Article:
All offseason, Danny Ford heard about his quarterback situation.
The Clemson football coach received unsolicited advice nonstop following the 1980 season.
And in the spring and summer of 1981, there was a torrent of angst among Clemson fans with the blame typically flowing down from the athletic director, to the head coach, to the quarterback.
A Sports Illustrated article from Dec. 28, 1981, titled 'The Odyssey of Little Homer' captured the moment: "The Tigers went 6-5, and 1980 wasn't an easy year for anyone. There were rumors of discontent among the players, and Ford got a lot of unwanted opinions from cocktail party coaches. Much of the talk concerned his choice of quarterback, and some of it was plainly racial. A lot of folks didn't think highly of Homer Jordan as a quarterback."
A black quarterback had not started an NFL game until Marlin Briscoe took the field for the Denver Broncos in 1968.
The ACC's first black quarterback was Freddie Summers, who started in 1967 at Wake Forest. The SEC's first black quarterback was Condredge Holloway in 1972 at Tennessee.
Just a decade earlier, defensive back Marion Reeves became Clemson's first black player in 1971.
Jordan became the one of the first full time black quarterback to win an undefeated national title.
Clemson offensive line coach Larry Van Der Heyden said Ford simply told the staff to find the best players on the recruiting trail.
"One of the reasons we got Homer -- he was recruited by Georgia -- is they wanted him to play defensive back," Van Der Heyden said. "We recruited him as a quarterback, and thank goodness he came here. What we felt is if he's a player, he's a player. I don't know if there was a stigma against black quarterbacks. The team embraced him."
In the spring of 1980, Clemson opened a competition and appeared to have its quarterback.
It was not Jordan.
Andy Headen entered Clemson as one of the top recruits in the country. He was built like a defensive end at 6-5 and 230 pounds, ran like a tailback and could throw a football 70 yards.
Jordan was 5-11 and 174 pounds, lacking the legs and arm of Headen.
While Headen once got into a verbal sparring match with former North Carolina star Lawrence Taylor in a New York City restaurant over who had played for the more talented team in the ACC in the early 1980s, Jordan was exceptionally quiet and unassuming.
What the mild-mannered Jordan did have was accuracy and work ethic.
When Jordan was 12, his father died from complications with diabetes. Jordan became the man of the house, looking after his mother and three sisters in Athens, Ga.
Clemson receiver Perry Tuttle became Jordan's favorite target and remains close friends with his former quarterback. Tuttle said Jordan was a "momma's boy."
"He would eat peanut-and-jelly sandwiches every day. That was his diet," Tuttle said. "He wouldn't initiate conversation, but he would laugh a lot."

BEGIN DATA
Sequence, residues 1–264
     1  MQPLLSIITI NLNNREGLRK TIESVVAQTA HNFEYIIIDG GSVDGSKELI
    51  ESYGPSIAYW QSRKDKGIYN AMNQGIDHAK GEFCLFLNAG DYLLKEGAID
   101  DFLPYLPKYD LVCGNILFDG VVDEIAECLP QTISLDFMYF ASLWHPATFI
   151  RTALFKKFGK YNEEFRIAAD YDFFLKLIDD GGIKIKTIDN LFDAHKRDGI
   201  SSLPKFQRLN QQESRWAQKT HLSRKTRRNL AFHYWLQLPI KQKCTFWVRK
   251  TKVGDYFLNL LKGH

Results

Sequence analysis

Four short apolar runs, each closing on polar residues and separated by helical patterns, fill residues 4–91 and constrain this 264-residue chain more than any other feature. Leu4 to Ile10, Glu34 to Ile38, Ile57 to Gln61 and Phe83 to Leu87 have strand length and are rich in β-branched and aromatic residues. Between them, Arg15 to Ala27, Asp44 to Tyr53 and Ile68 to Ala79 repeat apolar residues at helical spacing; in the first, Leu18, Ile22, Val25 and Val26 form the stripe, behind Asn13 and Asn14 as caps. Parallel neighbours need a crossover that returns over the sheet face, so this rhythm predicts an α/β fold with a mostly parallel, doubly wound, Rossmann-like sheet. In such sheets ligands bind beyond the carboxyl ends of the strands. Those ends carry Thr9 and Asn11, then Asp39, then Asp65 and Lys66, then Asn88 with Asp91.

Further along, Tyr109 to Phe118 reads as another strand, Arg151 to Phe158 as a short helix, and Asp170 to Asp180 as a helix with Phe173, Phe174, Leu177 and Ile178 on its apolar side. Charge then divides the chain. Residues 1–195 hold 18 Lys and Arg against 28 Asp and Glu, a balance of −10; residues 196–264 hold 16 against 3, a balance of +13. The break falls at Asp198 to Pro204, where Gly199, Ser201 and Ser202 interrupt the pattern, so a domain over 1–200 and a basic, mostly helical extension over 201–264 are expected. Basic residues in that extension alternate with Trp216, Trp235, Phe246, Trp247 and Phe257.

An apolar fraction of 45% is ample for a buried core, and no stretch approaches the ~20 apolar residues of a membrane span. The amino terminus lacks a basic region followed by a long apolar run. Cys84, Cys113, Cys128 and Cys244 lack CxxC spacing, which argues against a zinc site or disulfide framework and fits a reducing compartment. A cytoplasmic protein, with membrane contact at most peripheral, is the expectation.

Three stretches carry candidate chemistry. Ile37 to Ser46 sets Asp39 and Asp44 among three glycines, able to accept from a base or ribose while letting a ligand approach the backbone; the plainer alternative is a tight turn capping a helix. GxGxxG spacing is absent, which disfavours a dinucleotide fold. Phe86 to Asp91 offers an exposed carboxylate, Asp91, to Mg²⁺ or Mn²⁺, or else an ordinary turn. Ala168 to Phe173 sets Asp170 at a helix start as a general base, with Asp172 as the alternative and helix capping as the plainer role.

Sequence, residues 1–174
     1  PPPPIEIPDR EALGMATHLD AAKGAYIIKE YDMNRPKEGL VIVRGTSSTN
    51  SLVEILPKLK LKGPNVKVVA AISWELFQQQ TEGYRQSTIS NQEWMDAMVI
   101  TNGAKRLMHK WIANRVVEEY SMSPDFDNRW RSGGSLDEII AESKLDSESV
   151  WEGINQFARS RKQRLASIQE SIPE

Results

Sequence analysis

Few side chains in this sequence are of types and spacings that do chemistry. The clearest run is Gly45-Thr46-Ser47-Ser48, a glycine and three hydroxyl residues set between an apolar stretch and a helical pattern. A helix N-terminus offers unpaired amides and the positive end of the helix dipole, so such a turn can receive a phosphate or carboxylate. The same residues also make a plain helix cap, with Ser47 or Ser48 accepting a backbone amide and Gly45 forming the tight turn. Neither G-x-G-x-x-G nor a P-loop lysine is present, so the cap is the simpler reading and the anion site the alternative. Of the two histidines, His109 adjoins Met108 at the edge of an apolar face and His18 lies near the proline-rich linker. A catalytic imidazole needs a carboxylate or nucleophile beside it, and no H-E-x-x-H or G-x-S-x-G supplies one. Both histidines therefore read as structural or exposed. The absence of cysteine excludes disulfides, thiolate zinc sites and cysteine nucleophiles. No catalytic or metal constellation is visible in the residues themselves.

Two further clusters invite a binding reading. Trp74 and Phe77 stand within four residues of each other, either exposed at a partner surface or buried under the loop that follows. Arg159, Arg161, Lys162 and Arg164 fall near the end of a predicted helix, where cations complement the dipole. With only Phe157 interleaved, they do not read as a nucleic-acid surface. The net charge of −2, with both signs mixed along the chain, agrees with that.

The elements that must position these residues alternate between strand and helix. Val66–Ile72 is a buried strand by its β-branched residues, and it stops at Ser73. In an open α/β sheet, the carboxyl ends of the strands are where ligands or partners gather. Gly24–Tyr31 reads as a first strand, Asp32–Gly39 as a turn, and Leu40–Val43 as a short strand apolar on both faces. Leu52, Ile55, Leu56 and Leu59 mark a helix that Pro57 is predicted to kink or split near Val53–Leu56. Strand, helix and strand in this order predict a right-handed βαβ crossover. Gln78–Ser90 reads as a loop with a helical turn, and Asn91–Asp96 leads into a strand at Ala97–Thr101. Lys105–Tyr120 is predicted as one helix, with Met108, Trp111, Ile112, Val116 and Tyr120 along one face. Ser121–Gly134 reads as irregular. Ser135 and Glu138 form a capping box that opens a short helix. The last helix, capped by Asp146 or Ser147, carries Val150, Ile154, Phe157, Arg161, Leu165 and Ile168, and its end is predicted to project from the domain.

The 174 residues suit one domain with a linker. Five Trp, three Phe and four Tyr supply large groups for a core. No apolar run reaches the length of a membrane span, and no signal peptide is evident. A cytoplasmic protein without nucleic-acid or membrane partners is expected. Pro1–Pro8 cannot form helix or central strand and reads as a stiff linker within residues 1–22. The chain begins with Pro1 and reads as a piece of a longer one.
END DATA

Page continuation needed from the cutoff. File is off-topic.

To illustrate where the coaches thought things stood in the quarterback battle, Headen worked mostly with the first-team offense in the spring of 1980, throwing touchdowns to starting wide receivers Tuttle and Jerry Gaillard in the spring game.
The third-string quarterback was Jordan, behind No. 2 Mike Gasque.
Jordan spent time at defensive back in the spring but insisted on being given a chance to compete at quarterback. According to the 1980 Clemson media guide, Jordan "was more than likely to be in the defensive secondary for the 1980 season."
Said Clemson coach Danny Ford: "(Headen) came out of spring and was ahead … Homer was a very quiet kid; we didn't know a lot about him."
But Jordan was a much better passer than Headen. And by the fall of 1980, Jordan had emerged as the surprise starting quarterback.
"(Jordan) couldn't throw better than Gasque, but he could run better," Ford said. "He couldn't run better than Andy Headen, but he could throw better. He was just sort of a middle guy."
The prolonged quarterback battle had consequences in 1980, with quarterbacks splitting reps in practice.
"I always wanted to have a guy going into the fall, especially at quarterback, because he is the focus of the football team," Ford said.
There was no uncertainty at quarterback in the summer of 1981.
Jordan had a so-so campaign in 1980, completing 46 percent of his passes. Despite the calls from fans to change quarterbacks, despite race adding more scrutiny, Ford stuck by Jordan, then a junior.
In 1981, the Jordan-led offense began the season slowly before registering at least three touchdowns per game in a three-game stretch against Kentucky, Virginia and Duke.
"We didn't start out of the gate on fire," said Jordan, who coaches high school football at Cedar Shoals near Athens. "But I got a little confidence in myself; the team had confidence in myself. Confidence helps a whole lot."
In the eighth game of the season against Wake Forest, the Tigers' offense had its long-awaited breakout. An 82-24 victory vaulted Clemson to No. 2 in the national polls.
Jordan was a trailblazer in more ways than one. He was a forerunner to today's dual-threat quarterbacks, which have become in vogue in spread offenses proliferating through the college game. Jordan was third on the team in rushing in 1981 with 486 yards while also completing 55 percent of his passes for 8.4 yards an attempt.
"That's what makes the spread offense," Van Der Heyden said. "If you have a dual-threat guy, he is going to be successful. If you are one-dimensional, you are going to have problems.
"I think (Jordan) was one of the first."
In a season of firsts.